Instead, I’m going to focus on a silver lining, the fact that Trump’s comical defence of his questionable mental state has instilled me with the belief that it’s not too late to fulfil my childhood dream of making the NHL.
Sure, I’m two months shy of my 35th birthday, a touch too old by most sane people’s reckoning. Rustiness might also be a slightly hamstringing factor, as I haven’t laced up my skates for almost a decade.
But, like Trump, my mental stability is beyond reproach, so the physical impediments are mere blips to overcome on my journey to NHL glory.
It’s going to be a long, arduous journey but I’m up for the challenge. I must be strategic, though. Figuring that knocking on Brad Treliving’s door, or showing up to the Saddledome with a pair of skates in hand wouldn’t render desirable results, I’ve ruminated ad nauseam about how best to make an unforgettable impression.
To begin what will assuredly be a lengthy, gruelling training regime, I’ve decided to start on the mental side of things. To become an NHLer, I must think like one, and to do that there is only one place to start: EA Sports’ NHL 2018.
NHL 2018 Training Camp
To loosen up and learn the basics, after a decade hiatus from playing EA’s hockey series, I suited up and hit the ice for training camp. I’d like to say it was akin to riding a bike, but that would be bald-faced lie; there were, admittedly, a few teething problems, namely learning how to tie-up an opponent on the draw. It’s slightly embarrassing, I know.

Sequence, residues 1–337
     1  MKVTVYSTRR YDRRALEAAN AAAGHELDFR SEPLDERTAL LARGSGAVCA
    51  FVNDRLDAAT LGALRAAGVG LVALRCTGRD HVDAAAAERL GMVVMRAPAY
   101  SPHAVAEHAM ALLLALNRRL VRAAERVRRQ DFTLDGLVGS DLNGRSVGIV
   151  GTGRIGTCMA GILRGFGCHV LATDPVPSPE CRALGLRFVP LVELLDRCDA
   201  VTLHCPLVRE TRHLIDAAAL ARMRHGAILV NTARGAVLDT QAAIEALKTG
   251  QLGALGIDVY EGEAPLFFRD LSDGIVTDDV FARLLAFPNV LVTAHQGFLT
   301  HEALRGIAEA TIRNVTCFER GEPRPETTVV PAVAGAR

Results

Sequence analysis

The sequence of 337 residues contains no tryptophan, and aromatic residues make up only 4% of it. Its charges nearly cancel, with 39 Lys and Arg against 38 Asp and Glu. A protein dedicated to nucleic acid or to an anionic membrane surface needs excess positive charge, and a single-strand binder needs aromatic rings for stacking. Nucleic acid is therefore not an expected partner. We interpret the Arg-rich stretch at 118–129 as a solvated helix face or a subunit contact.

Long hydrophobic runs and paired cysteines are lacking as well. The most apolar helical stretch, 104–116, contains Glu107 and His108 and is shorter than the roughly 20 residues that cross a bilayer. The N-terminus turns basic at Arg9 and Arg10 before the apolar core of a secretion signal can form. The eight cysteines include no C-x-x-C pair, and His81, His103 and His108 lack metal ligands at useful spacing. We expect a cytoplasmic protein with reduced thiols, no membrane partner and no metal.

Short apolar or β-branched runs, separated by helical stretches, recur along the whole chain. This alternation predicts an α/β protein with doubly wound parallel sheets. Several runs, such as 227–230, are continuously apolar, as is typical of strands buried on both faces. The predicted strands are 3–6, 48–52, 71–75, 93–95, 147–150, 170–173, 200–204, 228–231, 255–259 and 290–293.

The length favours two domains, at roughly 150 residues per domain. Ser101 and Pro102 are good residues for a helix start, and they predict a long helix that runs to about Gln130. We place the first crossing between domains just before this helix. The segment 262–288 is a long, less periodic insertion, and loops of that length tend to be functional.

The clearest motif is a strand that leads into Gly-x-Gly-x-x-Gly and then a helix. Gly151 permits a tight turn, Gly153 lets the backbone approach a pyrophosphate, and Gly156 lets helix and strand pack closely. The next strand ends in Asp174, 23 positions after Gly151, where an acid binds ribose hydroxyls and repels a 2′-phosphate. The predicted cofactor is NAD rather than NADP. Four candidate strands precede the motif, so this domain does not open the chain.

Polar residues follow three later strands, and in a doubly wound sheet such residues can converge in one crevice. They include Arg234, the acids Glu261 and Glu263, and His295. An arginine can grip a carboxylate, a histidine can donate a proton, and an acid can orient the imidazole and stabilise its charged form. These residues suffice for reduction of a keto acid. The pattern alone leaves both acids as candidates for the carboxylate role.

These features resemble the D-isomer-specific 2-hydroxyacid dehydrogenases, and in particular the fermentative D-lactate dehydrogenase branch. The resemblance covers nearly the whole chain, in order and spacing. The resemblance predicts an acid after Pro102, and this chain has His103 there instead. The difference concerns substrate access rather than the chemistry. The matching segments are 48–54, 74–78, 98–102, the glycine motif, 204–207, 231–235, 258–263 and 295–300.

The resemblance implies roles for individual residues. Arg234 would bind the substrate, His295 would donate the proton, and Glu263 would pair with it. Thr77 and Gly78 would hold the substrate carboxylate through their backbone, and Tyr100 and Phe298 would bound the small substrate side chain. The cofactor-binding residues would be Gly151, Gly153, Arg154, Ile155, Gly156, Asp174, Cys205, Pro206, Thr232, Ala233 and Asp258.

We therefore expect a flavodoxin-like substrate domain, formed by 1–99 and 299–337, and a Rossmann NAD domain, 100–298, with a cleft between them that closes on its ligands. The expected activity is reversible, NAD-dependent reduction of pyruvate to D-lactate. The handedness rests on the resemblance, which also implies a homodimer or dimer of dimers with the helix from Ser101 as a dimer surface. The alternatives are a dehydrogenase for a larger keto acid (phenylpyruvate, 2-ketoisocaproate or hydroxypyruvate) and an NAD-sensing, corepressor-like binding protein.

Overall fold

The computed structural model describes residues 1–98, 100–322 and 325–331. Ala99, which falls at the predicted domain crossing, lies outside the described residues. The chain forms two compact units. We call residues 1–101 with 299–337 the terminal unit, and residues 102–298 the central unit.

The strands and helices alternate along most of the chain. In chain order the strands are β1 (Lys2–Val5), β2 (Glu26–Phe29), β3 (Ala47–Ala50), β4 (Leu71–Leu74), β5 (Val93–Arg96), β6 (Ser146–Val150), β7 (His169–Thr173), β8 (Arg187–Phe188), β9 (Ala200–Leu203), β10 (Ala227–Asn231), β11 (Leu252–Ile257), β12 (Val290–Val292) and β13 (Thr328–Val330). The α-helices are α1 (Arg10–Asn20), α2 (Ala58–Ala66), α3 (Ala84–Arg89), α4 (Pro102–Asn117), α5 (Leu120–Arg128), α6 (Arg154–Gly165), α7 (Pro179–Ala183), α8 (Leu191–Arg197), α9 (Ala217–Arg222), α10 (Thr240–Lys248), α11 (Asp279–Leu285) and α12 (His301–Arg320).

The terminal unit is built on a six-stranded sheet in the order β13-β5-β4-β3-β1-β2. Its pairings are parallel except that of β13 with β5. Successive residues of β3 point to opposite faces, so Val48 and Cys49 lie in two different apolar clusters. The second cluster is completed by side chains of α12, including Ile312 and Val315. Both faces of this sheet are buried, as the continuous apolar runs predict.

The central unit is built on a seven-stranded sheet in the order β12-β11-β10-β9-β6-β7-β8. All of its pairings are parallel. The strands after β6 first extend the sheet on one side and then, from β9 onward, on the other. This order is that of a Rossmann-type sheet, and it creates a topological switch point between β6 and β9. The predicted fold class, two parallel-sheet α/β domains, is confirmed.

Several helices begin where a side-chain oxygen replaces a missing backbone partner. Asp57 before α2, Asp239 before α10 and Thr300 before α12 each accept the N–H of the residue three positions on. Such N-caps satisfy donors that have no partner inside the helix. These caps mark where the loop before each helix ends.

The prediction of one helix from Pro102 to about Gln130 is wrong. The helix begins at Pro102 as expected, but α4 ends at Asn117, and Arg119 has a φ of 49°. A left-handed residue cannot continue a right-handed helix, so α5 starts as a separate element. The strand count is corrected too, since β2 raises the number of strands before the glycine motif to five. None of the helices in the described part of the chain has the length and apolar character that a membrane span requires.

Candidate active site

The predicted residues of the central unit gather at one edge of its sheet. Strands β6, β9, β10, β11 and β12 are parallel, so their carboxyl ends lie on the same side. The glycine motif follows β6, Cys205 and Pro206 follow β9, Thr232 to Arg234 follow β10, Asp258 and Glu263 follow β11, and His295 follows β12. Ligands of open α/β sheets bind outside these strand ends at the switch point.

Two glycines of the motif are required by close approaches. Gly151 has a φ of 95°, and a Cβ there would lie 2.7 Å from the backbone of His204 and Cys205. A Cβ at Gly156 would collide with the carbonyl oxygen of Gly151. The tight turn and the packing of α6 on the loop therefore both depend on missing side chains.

And don’t get me started on the dekes.
After a few slight hiccups, I proficiently passed all training camp requirements. Confidence brimming, it was time to showcase my newfound talent by pitting my skills against an online opponent.
My first NHL 2018 online test
I realized quickly that, like the real thing, there is absolutely no tolerance for off-puck hits. A constant stream to the penalty box eventually ended up costing me, as my opponent, the name of whom I don’t recall, scored on one of his numerous man advantages.
That halted my original game plan, inspired by the brutes and enforcers in Slap Shot, the 1977 cult hockey classic.
But I was confident that training camp fitted me with the skills needed to compete in the online NHL 2018 world without running roughshod. I was sorely mistaken. Thoroughly outplayed for the lion’s share of the game, I managed to somehow score the equalizer. The goal, as you can imagine, wasn’t pretty, but they all count.
Tied at one, I managed to take Anaheim to overtime. Like an out-of-shape athlete coming out of retirement, I started to prematurely fatigue. My sore fingers were the most immediate concern. Like an NHLer playing through injury in the Stanley Cup playoffs, I battled on, the prospect of glory increasing my pain threshold.
More surprisingly than some of Trumps’s most ridiculous tweets, I potted the winner in double overtime. I leapt off the couch, celebrating like I’d won the Stanley Cup.
After some time to reflect, I’m deathly scared of putting my 1-0 record on the line. I know a loss isn’t far away, but quitting isn’t an option.
If I’m going to eventually make the NHL, I must re-enter NHL 2018’s online universe and take on all comers.
My NHL 2018 username is New_Age_Journo, so please have mercy if we happen to meet head-to-head online.
Just keep in mind that I’m NHL-bound and on a transcendent journey, largely in part because of a single, utterly laughable Trump tweet.
Munib Koric knew almost immediately after arriving at the Santiago Bernabeu that Real Madrid are on another level.
“They are the most impressive club I have ever seen,” Koric said.
Koric, Calgary Villains F.C. Academy director and Golden Goal Soccer Academy owner, is the first Canadian citizen accepted into Real’s prestigious coaching apprenticeship program, which he began in February.